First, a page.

ESPN will also use four prototype robotic microphone systems from DynaMount that will allow the submixer in the Game Creek Maverick truck to remotely rotate a microphone. DynaMount’s original system was designed for music-recording studios, but the company, in consultation with ESPN, built a water-proof housing and enabled a small camera to be mounted to the unit. That small camera gives the operator the ability to see where the mic is pointed and adjust its position manually. Presets are also available so that multiple mics at once can be quickly repositioned.
For tonight’s game, the four units are located in the broadcast booth and face out toward the field. If all goes well, for future events, the systems could migrate out of the booth to other microphone positions around the stadium, allowing microphones to be repurposed for multiple uses more easily. For example, an operator located anywhere in the world but controlling the system via IP could rotate a microphone covering a band in the stands so that it covers the field.
The nine Game Creek mobile production units and support vehicles onsite comprise Peacock A and B at the core of the game production, Nitro A and B handling GameDay and SportsCenter needs, Maverick overseeing the MegaCast, Webby on hand for the SEC Network, and Edit 2 and 3 supporting the game and MegaCast. BSI is onsite for RF needs (13 cameras), and PSSI is providing satellite uplink facilities.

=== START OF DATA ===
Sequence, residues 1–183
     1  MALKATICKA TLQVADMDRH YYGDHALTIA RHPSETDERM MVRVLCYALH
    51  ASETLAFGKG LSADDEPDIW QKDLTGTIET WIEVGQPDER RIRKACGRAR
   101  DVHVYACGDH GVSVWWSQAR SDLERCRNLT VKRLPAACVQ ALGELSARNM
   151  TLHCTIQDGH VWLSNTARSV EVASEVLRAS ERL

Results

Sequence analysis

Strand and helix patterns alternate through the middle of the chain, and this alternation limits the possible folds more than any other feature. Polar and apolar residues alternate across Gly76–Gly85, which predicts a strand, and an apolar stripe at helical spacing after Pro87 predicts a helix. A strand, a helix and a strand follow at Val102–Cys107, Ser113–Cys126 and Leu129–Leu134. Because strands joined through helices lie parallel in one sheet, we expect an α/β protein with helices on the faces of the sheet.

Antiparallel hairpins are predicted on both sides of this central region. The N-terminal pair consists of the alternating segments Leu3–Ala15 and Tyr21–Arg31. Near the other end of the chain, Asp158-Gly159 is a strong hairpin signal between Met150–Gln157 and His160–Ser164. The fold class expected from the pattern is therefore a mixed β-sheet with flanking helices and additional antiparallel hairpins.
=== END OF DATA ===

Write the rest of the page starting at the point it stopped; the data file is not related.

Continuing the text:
“Peacock A and B and Nitro A and B probably give us the most robust combined fire power for an event like this,” says LaChance. “Part of our decision was to build resources that best match the needs of the game, MegaCast, and the studio shows. Nitro A and B have dual control rooms so both GameDay and SportsCenter can be on simultaneously and be more efficient as we don’t need a separate truck for each.”
He is proud of the work done by everyone involved in getting the production facilities up and running in five days. Planning required two plans for the truck compound to be crafted: until two weeks ago, there was the possibility of the Atlanta Falcons’ hosting a playoff game the same weekend as the championship game. Tonight’s production dodged that bullet and was able to follow the original plans put in place months ago.
“This is one of the more challenging compounds that one could encounter,” notes LaChance of a site that is located inside the stadium and features numerous concrete columns that impact facility layout. “Getting all nine mobile units and support trucks inside and powered was a challenge, but we have a great set of vendors to help pull that together.”
The key, he says, is documentation and communication as well as a clearly defined game plan for everyone. In many ways, it is similar to the steps the two teams competing tonight, the University of Alabama and the University of Georgia, will bring to the event. And it’s safe to say that all involved in the production will experience a similar level of excitement and anxiety that all goes well.
“I think we had a great season for ESPN and the games that aired on ABC,” says LaChance. “We had some great finishes, and to be around college football when you are a college-football fan makes the season fly by. But it was a great season, and that is testament to some great technicians, staff, personnel, vendors who made it come together and great for the folks at home.”